Cover of Where Have You Been?Where Have You Been? by Joseph O'Connor (Harvill Secker)

Joseph O’Connor’s last novel, Ghost Light, was a poignant tale about the mistress of the playwright Synge, tracing her fall from glamorous heyday into drunken obscurity. Here, in this finely-grained collection of short stories (and a novella), he explores broadly the same territory: damaged souls grappling with shifting times. He presents the lonely, the separated, the dying, the suicidal, all trying to find meaning as Ireland booms and busts. The characters long for children, connections, the past. Emigration, immigration, religion, republicanism percolate through everything, as O’Connor shows how these large movements have real, devastating effects on the minutiae of lives.

The stories mostly cluster around the 2000s in Dublin, with one taking place in 19th-century immigrant New York; there are occasional jaunts to London, and always a sense of the individual struggling against greater forces. In “Two Little Clouds”, Dublin of 2007 is a world where property is the thing to be in, Seamus Heaney and Bono hang out in hotels, and there is a feeling of impending doom: “One of these days it would be rush hour all the time. And they said we were a civilised country.”

This contrast between an Ireland of Blackberrys and rap music and that of the superstitious past is marked; and yet it can never quite go away, as when a young boy tells how a tractor got set on fire after it broke up a fairy ring. You shouldn’t mess with the fairies. In this sense O’Connor shares imaginative space with another superb Irish writer, Paul Murray, whose Skippy Dies blends magic and physics. Yeats haunts these stories, his powerful presence never quite out of sight. Though in tune with the buzzing sense of the modern – mobile phones, Aerlingus, the internet all play parts - O’Connor never forgets the backdrop of Irish literature against which he paints his tales.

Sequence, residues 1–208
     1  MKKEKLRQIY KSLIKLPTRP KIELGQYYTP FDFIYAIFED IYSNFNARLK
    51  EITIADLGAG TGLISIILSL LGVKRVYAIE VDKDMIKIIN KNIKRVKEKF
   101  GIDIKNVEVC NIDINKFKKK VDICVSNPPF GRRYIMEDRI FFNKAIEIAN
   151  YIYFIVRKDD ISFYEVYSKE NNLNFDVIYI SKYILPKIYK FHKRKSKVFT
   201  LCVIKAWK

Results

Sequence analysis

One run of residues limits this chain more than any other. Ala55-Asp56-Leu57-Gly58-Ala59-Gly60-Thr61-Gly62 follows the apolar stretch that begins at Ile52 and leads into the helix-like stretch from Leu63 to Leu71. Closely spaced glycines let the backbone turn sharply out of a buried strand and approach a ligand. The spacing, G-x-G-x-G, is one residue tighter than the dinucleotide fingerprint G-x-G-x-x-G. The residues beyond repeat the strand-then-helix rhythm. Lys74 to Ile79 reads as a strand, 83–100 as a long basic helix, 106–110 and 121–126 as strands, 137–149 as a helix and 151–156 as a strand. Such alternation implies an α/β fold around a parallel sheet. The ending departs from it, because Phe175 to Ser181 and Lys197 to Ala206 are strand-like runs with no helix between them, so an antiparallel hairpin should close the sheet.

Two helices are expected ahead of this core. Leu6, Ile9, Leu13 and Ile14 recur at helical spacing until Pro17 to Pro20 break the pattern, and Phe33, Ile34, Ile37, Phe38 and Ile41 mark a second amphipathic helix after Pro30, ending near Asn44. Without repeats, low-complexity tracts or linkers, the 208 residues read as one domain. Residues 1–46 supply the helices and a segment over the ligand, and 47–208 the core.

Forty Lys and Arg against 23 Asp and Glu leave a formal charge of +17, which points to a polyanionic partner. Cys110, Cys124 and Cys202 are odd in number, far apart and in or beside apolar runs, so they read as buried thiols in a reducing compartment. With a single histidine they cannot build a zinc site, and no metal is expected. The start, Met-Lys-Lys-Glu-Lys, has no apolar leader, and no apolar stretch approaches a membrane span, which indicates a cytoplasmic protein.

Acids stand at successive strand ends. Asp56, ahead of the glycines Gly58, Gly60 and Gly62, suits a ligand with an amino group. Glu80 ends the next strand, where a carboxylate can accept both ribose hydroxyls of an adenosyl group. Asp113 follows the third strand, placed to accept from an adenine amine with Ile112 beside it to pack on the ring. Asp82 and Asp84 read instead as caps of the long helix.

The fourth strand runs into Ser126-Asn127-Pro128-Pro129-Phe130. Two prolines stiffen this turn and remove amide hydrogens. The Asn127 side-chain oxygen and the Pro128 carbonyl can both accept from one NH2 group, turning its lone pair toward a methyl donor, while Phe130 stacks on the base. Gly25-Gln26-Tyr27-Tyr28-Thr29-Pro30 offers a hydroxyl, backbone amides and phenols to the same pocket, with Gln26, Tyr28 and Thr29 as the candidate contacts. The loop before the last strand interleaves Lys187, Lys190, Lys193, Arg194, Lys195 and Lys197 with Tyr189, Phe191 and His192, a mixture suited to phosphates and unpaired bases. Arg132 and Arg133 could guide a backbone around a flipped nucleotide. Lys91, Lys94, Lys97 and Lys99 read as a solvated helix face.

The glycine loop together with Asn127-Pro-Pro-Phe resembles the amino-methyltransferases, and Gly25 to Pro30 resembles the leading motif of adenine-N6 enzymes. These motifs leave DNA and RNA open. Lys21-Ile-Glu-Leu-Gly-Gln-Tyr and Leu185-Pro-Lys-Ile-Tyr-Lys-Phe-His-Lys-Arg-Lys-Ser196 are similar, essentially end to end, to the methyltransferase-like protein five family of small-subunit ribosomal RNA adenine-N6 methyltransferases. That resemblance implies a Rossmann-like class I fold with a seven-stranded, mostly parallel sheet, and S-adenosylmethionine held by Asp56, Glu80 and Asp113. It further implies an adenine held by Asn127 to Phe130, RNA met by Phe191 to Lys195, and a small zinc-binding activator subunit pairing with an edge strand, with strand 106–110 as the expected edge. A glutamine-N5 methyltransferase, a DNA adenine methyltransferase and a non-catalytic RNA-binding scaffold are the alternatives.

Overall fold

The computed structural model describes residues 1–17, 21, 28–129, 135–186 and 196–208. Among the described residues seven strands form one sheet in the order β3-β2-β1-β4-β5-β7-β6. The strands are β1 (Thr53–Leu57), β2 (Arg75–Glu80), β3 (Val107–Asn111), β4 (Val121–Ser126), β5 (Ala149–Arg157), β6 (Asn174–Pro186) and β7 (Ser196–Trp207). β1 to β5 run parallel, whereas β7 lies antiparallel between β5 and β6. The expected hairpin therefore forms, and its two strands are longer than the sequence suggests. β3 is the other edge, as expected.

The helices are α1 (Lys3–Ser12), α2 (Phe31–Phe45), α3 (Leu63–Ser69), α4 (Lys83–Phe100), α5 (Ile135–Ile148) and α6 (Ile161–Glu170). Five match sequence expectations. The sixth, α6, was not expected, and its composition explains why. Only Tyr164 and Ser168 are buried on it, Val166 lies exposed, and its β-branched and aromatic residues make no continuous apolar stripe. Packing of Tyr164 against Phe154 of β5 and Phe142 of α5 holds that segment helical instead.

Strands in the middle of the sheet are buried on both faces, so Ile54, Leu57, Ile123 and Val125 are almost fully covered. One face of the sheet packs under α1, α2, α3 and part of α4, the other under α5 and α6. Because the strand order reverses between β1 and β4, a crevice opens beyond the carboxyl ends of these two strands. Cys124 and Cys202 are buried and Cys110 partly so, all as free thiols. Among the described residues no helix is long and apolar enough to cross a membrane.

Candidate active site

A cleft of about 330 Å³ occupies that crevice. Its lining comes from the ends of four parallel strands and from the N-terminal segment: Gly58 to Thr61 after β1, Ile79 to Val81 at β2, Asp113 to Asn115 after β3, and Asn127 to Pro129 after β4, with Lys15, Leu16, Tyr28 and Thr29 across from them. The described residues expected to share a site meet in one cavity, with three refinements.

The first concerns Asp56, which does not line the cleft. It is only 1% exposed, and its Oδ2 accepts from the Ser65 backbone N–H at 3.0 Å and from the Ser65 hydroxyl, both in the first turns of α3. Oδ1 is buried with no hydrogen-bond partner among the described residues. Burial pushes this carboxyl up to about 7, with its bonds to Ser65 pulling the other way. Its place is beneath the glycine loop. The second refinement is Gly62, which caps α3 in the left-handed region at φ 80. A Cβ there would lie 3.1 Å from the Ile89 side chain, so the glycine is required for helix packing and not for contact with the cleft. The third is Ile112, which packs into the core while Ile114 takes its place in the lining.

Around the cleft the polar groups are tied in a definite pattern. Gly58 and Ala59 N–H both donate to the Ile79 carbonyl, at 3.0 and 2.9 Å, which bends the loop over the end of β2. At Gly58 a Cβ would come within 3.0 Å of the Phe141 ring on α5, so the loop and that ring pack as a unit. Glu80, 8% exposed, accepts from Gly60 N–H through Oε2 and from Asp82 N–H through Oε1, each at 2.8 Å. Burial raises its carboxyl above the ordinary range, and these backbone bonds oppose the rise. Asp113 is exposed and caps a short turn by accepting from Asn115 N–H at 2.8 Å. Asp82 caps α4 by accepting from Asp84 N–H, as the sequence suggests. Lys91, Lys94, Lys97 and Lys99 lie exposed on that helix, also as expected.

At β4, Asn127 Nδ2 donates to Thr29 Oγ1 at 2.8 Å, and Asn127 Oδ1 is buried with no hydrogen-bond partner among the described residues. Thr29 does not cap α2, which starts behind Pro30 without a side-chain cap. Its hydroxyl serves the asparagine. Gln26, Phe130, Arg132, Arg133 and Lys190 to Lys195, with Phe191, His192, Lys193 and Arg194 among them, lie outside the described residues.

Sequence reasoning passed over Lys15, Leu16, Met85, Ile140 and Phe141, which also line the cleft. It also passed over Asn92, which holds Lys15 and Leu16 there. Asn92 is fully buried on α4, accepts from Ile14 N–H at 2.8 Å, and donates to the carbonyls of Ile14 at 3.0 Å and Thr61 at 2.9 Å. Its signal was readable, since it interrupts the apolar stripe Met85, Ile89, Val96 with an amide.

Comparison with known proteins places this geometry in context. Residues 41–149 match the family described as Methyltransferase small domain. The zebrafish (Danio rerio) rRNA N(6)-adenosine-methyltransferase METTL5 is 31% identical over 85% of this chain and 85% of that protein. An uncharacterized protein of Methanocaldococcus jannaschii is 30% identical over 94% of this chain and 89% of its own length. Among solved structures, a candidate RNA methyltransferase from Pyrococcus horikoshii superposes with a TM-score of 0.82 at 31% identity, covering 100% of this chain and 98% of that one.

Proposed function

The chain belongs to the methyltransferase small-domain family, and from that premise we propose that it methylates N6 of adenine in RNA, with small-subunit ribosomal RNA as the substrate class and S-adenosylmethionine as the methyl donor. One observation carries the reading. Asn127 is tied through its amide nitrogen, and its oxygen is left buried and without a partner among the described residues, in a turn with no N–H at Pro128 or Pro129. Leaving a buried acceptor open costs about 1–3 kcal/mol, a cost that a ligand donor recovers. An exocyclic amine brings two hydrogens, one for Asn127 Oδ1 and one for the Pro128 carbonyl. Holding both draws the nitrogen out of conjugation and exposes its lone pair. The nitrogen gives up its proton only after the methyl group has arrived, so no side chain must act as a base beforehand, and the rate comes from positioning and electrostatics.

O’Connor has a keen talent for the shape of a story. He builds them up to a moment of clarity or revelation, often based around meetings, conversations, snatches of song. His writing is carefully constructed and unsullied. He has an often amusing ability to illuminate situations with long similes: “He walked me out to the lobby and embraced me warmly, as though the bar of the Clarence was his country retreat and I was a beloved, slightly deformed cousin about to emigrate to a warzone.” He can be witty, and he can be moving: “Orchard Street, Dawn” chronicles the tragedies of an Irish family in New York who lose one child after another; “Death of a Civil Servant” shows, convincingly, a gentle man in total breakdown after the death of his daughter and his subsequent separation from his wife. In the novella “Where Have You Been?”, attempts at a fulfilling relationship have a plangent sense of foreboding.

This collection is beautiful; full of pure, simple truths that linger long in the mind. All around O’Connor’s characters, things change – but humanity, in its loves and losses, stays the same